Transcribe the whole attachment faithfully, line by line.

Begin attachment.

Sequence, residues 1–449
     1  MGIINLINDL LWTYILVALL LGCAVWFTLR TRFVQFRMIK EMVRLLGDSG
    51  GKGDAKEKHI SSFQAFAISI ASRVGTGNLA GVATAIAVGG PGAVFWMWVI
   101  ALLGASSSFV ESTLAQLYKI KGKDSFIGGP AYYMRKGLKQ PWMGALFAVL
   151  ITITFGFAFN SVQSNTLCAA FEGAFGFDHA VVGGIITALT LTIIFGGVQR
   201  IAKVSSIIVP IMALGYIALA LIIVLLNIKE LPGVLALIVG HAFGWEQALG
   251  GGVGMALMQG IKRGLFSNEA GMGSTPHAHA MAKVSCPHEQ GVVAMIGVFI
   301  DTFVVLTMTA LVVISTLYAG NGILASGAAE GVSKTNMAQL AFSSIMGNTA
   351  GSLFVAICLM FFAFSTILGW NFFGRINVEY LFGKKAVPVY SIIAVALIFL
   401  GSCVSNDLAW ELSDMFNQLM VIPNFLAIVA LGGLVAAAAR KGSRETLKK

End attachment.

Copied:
Sequence, residues 1–449
     1  MGIINLINDL LWTYILVALL LGCAVWFTLR TRFVQFRMIK EMVRLLGDSG
    51  GKGDAKEKHI SSFQAFAISI ASRVGTGNLA GVATAIAVGG PGAVFWMWVI
   101  ALLGASSSFV ESTLAQLYKI KGKDSFIGGP AYYMRKGLKQ PWMGALFAVL
   151  ITITFGFAFN SVQSNTLCAA FEGAFGFDHA VVGGIITALT LTIIFGGVQR
   201  IAKVSSIIVP IMALGYIALA LIIVLLNIKE LPGVLALIVG HAFGWEQALG
   251  GGVGMALMQG IKRGLFSNEA GMGSTPHAHA MAKVSCPHEQ GVVAMIGVFI
   301  DTFVVLTMTA LVVISTLYAG NGILASGAAE GVSKTNMAQL AFSSIMGNTA
   351  GSLFVAICLM FFAFSTILGW NFFGRINVEY LFGKKAVPVY SIIAVALIFL
   401  GSCVSNDLAW ELSDMFNQLM VIPNFLAIVA LGGLVAAAAR KGSRETLKK